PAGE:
4. What worked for me

Violinists and Balance
I think that the right equipment helps you keep your balance, but it doesn’t make you balanced. That’s my opinion. It is very easy for me now to change my equipment because I have a bit clearer idea of what balance is. I would call this research something like: “How to learn where to find your balance.”

In the Alexander Technique lessons I learned many things about walking and standing and how to sit and about how everything has to go “up.”  This was something that I misunderstood from the instructions of all my violin teachers that “You have to go down to feel your violin.”*  I interpreted it the wrong way because I was pushing allmy muscles and all myself down and it didn’t help my playing.  Now I know a bit more the “up feeling.”**  When I go “up”, I still can feel the contact with my violin but the feeling of pressure pushing down on my chest is gone.***

My playing is better, much better, because of the more balanced use of my body. My perceptions of my playing and myself changed, not only with my violin but with everything in my life. For instance, I think sometimes about how I am moving also when I am cooking. These basic things helped me to perceive what violin playing is.

There are three or four basic things that are “musts” for fitting the equipment. I would like to use them with my students in the future. One is “put the violin on the collar bone.” The next is to use your eyes to look up and around the room to free your neck. Then to notice the space between your collar bone and your jaw and try to fill it a bit with the chin rest. Of course the equipment is very important, but without the Alexander Technique I couldn’t use it. I would also like to teach my students a lot about balance. These few things are “inviolable;” they are the basics.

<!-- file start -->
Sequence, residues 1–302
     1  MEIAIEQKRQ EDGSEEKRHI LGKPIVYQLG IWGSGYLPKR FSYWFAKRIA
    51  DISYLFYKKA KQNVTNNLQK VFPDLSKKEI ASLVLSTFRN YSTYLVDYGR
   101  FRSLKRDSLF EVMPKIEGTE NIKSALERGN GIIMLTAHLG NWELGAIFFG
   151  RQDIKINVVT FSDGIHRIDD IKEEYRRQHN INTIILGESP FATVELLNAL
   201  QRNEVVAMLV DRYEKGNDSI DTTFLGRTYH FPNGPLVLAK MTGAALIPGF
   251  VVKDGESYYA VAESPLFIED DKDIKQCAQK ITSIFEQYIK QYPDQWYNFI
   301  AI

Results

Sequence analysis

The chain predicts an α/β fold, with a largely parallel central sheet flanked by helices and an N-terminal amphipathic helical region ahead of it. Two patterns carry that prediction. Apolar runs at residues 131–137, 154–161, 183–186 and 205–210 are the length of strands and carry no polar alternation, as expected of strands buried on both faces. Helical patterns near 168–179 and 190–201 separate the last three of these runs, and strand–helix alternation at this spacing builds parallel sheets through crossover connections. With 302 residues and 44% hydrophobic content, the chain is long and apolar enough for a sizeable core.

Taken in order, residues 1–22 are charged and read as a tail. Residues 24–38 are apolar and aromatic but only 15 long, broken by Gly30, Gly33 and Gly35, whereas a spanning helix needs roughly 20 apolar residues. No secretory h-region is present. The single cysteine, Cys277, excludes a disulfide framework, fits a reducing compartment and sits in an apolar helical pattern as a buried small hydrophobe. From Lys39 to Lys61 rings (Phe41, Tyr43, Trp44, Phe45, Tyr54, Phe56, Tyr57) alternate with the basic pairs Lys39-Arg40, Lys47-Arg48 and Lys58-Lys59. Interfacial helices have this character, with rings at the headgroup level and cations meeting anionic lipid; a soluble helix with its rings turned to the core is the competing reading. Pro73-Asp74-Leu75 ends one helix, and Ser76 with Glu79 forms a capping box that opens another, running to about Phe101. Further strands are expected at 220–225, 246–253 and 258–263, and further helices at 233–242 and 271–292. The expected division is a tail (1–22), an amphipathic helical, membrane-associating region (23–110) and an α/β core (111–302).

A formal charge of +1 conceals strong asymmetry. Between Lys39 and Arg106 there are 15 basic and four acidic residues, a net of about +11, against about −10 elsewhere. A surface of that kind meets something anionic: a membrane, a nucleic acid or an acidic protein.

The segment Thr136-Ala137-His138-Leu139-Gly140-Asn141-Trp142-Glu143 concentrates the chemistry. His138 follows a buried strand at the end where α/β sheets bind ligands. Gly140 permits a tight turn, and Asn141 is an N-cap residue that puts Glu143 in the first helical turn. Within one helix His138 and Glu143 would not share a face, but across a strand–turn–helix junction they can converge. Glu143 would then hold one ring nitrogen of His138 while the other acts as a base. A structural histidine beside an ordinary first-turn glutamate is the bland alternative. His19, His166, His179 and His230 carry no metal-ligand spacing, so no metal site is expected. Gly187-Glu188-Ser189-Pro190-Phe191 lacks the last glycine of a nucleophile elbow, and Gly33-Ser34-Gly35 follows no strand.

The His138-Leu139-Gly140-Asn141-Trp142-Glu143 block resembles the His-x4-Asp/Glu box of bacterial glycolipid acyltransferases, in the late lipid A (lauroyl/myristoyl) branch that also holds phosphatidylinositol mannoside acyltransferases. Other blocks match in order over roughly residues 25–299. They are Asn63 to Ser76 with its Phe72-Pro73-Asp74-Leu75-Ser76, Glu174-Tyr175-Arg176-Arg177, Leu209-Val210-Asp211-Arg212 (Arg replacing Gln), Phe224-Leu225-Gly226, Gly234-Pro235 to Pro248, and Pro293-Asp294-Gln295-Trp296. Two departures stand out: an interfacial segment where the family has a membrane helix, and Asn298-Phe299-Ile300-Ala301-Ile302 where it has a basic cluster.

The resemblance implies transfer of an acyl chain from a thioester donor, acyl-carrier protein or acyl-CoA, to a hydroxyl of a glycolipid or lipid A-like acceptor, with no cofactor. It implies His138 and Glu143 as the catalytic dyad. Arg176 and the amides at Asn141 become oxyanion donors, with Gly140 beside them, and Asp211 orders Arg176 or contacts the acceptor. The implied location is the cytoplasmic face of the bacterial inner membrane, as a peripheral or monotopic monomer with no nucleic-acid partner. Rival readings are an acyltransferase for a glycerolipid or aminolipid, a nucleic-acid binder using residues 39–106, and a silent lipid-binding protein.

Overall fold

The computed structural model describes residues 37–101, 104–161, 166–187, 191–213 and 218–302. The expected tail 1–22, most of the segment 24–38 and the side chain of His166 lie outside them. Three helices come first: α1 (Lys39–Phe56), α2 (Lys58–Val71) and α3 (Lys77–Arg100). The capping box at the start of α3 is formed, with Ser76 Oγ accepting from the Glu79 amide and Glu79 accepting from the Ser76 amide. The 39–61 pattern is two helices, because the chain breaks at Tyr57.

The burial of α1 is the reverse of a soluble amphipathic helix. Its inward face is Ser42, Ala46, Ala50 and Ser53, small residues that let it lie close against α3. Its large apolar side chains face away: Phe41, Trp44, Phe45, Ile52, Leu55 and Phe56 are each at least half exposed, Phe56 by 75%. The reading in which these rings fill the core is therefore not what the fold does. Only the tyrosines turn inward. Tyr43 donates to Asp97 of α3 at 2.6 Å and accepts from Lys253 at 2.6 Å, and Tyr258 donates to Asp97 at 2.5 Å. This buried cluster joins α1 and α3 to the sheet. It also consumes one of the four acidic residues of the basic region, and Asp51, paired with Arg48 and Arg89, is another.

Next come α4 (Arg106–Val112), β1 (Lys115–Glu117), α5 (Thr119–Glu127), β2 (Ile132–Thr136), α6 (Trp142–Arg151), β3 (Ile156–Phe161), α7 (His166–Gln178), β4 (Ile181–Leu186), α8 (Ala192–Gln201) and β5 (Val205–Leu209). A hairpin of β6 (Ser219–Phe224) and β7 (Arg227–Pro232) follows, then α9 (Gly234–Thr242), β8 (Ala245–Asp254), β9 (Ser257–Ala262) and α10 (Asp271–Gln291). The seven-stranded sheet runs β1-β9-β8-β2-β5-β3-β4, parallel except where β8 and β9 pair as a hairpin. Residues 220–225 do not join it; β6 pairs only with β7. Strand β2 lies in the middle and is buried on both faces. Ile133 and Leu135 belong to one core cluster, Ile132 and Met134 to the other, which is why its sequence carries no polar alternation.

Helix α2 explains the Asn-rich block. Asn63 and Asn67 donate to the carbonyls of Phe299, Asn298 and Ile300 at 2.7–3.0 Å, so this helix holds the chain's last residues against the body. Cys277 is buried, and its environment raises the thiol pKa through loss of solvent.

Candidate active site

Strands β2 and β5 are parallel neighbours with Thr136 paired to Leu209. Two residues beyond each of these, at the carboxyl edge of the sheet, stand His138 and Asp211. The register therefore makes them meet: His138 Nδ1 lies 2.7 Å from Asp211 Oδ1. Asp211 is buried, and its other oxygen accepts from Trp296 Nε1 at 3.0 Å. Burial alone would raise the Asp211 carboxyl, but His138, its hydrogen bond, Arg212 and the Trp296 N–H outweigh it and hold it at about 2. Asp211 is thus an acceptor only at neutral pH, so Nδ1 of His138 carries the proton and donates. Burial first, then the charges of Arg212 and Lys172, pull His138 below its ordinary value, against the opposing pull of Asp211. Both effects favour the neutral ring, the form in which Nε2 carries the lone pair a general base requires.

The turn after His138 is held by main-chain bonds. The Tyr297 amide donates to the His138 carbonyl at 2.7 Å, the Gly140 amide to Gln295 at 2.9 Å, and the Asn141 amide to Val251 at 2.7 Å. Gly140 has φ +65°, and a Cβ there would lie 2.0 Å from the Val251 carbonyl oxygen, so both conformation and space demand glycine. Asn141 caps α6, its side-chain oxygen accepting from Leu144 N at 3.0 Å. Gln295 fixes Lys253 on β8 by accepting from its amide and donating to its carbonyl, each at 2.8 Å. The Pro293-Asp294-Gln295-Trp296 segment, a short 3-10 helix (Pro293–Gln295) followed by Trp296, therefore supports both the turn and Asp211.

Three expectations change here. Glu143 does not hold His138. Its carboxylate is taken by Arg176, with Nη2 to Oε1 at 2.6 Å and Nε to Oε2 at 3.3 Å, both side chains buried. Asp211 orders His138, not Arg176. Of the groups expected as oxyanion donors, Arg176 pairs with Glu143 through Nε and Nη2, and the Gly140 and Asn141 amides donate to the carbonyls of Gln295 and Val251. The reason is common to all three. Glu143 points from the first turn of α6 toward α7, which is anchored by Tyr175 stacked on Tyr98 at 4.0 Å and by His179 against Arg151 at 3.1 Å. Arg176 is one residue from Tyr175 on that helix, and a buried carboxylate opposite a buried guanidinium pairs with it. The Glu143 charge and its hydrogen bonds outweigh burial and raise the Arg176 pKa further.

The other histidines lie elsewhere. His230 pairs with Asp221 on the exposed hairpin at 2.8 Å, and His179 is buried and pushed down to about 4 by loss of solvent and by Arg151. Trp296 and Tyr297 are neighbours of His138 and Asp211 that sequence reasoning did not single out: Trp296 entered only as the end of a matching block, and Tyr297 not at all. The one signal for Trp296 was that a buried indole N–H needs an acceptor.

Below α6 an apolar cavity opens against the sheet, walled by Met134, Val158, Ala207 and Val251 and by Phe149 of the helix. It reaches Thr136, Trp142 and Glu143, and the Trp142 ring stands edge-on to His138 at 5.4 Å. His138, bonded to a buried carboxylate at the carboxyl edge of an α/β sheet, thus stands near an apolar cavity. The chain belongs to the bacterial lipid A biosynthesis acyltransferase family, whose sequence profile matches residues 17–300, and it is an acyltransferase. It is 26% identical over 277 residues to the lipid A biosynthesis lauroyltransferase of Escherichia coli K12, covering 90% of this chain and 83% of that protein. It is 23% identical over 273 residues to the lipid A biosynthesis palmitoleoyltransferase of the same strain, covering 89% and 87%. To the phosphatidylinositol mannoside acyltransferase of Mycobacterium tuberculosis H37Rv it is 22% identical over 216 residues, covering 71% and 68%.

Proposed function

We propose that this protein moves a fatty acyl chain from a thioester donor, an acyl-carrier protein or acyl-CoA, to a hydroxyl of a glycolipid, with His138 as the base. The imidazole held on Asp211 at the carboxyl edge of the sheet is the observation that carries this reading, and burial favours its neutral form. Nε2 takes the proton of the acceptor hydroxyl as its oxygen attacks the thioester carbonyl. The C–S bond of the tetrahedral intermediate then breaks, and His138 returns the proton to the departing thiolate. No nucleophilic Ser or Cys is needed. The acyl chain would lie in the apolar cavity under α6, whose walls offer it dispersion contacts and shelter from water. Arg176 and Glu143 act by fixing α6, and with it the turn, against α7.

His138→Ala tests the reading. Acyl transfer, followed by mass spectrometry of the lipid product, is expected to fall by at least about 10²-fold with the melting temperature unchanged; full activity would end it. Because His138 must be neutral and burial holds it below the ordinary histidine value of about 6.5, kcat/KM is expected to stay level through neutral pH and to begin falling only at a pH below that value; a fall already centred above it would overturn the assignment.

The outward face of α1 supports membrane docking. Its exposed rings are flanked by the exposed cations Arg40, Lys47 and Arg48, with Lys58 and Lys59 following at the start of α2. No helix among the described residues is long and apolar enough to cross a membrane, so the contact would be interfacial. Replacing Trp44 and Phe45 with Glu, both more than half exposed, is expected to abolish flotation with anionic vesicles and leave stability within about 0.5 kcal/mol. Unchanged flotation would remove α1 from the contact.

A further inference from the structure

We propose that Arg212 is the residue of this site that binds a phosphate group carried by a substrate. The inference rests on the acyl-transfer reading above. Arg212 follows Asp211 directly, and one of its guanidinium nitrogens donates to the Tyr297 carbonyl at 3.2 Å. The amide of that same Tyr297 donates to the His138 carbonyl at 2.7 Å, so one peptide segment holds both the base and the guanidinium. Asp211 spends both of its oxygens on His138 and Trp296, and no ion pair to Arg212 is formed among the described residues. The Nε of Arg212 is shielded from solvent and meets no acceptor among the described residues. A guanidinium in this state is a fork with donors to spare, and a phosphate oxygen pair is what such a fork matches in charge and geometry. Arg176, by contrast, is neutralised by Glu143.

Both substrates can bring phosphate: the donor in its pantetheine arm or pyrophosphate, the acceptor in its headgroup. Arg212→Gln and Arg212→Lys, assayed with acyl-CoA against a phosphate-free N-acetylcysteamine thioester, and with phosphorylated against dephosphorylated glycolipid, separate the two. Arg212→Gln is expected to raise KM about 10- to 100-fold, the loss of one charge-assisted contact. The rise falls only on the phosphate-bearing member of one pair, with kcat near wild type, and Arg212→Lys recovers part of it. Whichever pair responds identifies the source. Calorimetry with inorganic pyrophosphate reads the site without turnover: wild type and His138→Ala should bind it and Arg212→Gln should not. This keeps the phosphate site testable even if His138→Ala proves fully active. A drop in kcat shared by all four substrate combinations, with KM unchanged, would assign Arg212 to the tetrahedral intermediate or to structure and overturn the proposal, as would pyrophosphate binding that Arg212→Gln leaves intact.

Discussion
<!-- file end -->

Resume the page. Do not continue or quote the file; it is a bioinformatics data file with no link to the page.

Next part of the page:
Put your violin on your collar bone, then take a look at the space between your chin rest and your jaw. (Me with my old chin rest, Nov. ’03)

I think we violinists also have a challenge to our balance because our playing all happens up above shoulder level. Everything is happening up there.  It’s easy to feel no contact with the ground. I like to use the balance board to stand on while I play. I also put a beanbag on my head to remind me where my head is. During the research year, I kept up my daily work trying to feel, to find the balance. I did this mostly at the beginning of the day, while playing scales.  It was much more than just doing technical exercises.  Just feeling – trying to feel everyday more and more clearly what you are doing. I think this work should go on forever. I don’t believe that this is something that you can stop, that you just get good at it. It is something that you walk toward but you never reach.  And I will not stop walking.

*Jorge may be referring to a common instruction to use the weight of the arm to facilitate contact of the bow on the string.
**By “the up feeling” Jorge is referring to the feeling of lightness that students who study the Alexander Technique often remark upon.
*** “Going up” is a term used in Alexander Technique lessons that describes the lengthening of the stature that results when habits of shortening are prevented.

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